Ack! Distant fires leave California's capital city in a haze

August 9, 2018 by Kathleen Ronayne
Ack! Distant fires leave California's capital city in a haze
The city of Berkeley, Calif., sits in a dull, smoky haze Wednesday, Aug. 8, 2018. The air quality has hit unhealthy levels in cities miles away as California's largest wildfire ever burns to the north. (AP Photo/Lorin Eleni Gill)

No major wildfires are burning near Sacramento but for two weeks a dull haze and the faint smell of smoke from distant blazes has blanketed California's capital region, forcing summer campers to stay inside, obscuring normally bright skylines and leaving ash on cars.

Experiencing smoky air from blowing winds is nothing new in many California cities, but Sacramento air quality experts say it's rare for the dirty air to linger for so long, a reality of ever-larger fires that take longer to extinguish.

The haze stretches to the foothills of the Sierra Nevada , and nearly every major population center in between has suffered air quality that's considered dangerous for children, the elderly and people with asthma or other respiratory conditions.

Kaela Baylis used to take her nearly 2-year-old son to a park twice a day, but has only gone in the morning the last 10 days.

"He asks to go outside a lot in the afternoon," she said Wednesday.

There are two major wildfires—one called the Mendocino Complex Fire that is the largest in California history—burning more than 100 miles (160 kilometers) north of Sacramento and another huge fire near Yosemite National Park a little farther to the southeast. Firefighters made significant process against the Mendocino Complex for the first time Wednesday but said the blazes will likely continue through September.

Ack! Distant fires leave California's capital city in a haze
Hazy air surrounds Alcatraz Island in San Francisco Bay Wednesday, Aug. 8, 2018. The air quality has hit unhealthy levels in cities miles away as California's largest wildfire ever burns to the north. (AP Photo/Lorin Eleni Gill)

The fires have combined to produce unhealthy air that has drifted as far east as Salt Lake City, 450 miles (725 kilometers) away.

The skies there were so murky that residents there couldn't even see the nearby mountain range that hovers over the valley earlier this week. Utah air quality officials warned children and seniors to limit time outside.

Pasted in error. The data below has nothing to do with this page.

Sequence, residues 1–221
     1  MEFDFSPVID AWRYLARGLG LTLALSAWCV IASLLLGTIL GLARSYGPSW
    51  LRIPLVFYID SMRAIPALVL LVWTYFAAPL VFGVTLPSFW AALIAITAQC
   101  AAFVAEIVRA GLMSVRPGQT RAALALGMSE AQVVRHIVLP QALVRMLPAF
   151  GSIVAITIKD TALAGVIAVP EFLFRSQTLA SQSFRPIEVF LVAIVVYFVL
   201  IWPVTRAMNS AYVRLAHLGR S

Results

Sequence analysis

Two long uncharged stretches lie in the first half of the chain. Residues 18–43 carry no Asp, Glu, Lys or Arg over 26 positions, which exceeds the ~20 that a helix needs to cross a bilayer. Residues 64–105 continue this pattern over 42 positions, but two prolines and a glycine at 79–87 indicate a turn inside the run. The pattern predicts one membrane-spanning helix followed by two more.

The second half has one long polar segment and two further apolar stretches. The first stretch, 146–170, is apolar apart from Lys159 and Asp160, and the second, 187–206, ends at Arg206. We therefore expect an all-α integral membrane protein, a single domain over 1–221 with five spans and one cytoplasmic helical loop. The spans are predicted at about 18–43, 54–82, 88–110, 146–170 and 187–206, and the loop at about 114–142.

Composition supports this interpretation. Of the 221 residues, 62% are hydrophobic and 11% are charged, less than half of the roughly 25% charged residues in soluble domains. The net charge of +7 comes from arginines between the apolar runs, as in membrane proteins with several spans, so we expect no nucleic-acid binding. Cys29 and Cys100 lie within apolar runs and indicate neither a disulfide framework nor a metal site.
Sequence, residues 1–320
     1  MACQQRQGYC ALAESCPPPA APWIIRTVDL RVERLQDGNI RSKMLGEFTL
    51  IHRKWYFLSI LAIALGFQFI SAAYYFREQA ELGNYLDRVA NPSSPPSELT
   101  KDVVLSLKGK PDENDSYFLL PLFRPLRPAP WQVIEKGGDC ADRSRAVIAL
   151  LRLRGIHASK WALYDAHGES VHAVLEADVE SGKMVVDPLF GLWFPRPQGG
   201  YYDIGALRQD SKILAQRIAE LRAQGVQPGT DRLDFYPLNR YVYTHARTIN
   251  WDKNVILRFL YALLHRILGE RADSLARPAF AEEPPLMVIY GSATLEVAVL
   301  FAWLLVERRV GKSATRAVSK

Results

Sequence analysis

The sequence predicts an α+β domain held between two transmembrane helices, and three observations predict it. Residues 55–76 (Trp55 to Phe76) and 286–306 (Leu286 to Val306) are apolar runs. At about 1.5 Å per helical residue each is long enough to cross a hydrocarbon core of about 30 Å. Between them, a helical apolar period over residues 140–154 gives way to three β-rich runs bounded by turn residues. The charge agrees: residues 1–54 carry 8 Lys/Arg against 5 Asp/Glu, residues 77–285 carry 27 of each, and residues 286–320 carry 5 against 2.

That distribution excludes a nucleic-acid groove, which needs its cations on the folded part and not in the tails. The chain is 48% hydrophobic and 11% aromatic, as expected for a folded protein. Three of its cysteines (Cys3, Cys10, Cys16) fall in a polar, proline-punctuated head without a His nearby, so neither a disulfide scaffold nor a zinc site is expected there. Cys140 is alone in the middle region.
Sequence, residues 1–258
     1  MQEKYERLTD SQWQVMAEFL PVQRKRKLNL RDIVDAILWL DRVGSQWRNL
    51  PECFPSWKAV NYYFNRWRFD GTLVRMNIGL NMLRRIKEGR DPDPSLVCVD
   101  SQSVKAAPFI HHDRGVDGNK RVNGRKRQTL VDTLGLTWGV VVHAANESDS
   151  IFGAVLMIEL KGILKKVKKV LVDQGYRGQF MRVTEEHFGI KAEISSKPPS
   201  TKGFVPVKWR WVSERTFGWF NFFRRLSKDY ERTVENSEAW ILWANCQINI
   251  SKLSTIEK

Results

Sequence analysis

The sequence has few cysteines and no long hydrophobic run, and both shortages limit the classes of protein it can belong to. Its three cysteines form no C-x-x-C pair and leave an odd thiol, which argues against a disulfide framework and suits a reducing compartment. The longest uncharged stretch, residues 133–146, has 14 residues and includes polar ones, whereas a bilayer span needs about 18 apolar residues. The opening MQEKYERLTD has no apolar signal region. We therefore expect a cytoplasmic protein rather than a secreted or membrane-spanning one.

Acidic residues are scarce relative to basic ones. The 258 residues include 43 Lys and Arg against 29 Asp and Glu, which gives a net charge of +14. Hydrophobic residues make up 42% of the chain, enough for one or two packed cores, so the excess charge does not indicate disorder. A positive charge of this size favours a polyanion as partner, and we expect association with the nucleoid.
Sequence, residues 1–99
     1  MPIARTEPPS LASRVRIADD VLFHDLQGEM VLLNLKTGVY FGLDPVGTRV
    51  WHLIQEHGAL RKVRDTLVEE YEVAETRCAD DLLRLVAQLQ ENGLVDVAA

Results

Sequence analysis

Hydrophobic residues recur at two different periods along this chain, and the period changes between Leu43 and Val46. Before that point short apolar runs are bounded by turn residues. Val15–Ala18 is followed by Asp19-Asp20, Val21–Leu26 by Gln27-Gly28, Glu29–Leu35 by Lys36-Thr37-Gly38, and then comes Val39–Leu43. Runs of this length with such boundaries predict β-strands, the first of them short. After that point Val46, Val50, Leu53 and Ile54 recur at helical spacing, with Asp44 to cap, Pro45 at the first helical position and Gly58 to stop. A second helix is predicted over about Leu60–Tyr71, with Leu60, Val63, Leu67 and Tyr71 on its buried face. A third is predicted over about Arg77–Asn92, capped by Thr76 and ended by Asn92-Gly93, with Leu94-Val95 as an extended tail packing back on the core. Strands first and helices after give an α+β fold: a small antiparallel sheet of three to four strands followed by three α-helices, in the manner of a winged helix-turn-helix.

The skies cleared a bit on Wednesday in Utah's capital city, but more smoke is expected to blow in over the weekend, National Weather Service meteorologist Steve Rogowski said.

Wednesday marked the Sacramento region's 13th straight "Spare the Air" day, when people are encouraged not to drive and add further pollutants to the air—the longest stretch since at least 2001. A similar warning is effect in the San Francisco Bay Area, and air quality experts in California's Central Valley and areas southeast of Los Angeles are warning residents to limit outdoor exposure because of wildfires there.

Ack! Distant fires leave California's capital city in a haze
A dull haze fills the air around the San Francisco Bay Bridge and Oakland, Calif., Wednesday, Aug. 8, 2018. Blazes in Northern California and near Yosemite National Park have caused air quality to worsen in cities miles away. (AP Photo/Lorin Eleni Gill)

On Wednesday morning, John and Rosalie Gonzales strolled through a Sacramento park with their toddler granddaughter they were visiting. For the last few days at their home in the San Francisco Bay Area community of Albany they have awakened to ash on their cars from the Mendocino Complex Fire.

That was a rarity until a few years ago, before California began experiencing more unusually large wildfires, they said. "It doesn't seem like it's sustainable to have this happening year after year after year," she said.

A day earlier, dozens of summer campers sat inside watching a movie at a Sacramento YMCA.

"Normally that doesn't happen on a regular day at camp," said Jay Lowden, president of the YMCA for a nine-county region that serves more than 700 kids weekly at 13 summer camps. His counselors monitor the air quality on a daily basis, and Lowden said he may cancel a planned family camp this weekend in the foothills because of the smoke.

Ack! Distant fires leave California's capital city in a haze
A haze of smoke blankets San Francisco Wednesday, Aug. 8, 2018. Public health and air quality experts say the smoke drifting over cities in California is lasting for a longer stretch than normal as some of the biggest wildfires in state history rage. (AP Photo/Lorin Eleni Gill)

Sac United, a competitive youth soccer club, has cancelled four practices in the past two weeks because of poor . High school sports teams are being similarly conscious of dangerous air as practices get underway.

Sacramento residents have taken to Twitter to share photos of a dark grey sky hanging over the Capitol in mid-afternoon and a city skyline difficult to make out. The smell of smoke has even slipped into downtown office buildings.

"It was horrible; I've never seen anything like it before," Mayor Darrell Steinberg said of Monday's afternoon haze.

Lori Kobza, spokeswoman for the Sacramento Air Quality Management District, said it's hard to predict when things will improve because of the unpredictably of the fires and the winds.

Ack! Distant fires leave California's capital city in a haze
A man rides a scooter on Treasure Island as the San Francisco city skyline sits in a smoky haze in the background Wednesday, Aug. 8, 2018. Ongoing wildfires in Northern California have worsened air quality in cities miles away. (AP Photo/Lorin Eleni Gill)

Because the city is located in a valley, it's easier for smoky air to get trapped here when high pressure systems blow in, making Sacramento like a smoke-filled bowl that's had a lid placed tightly on top.

"We're all trapped in it," Kobza said.

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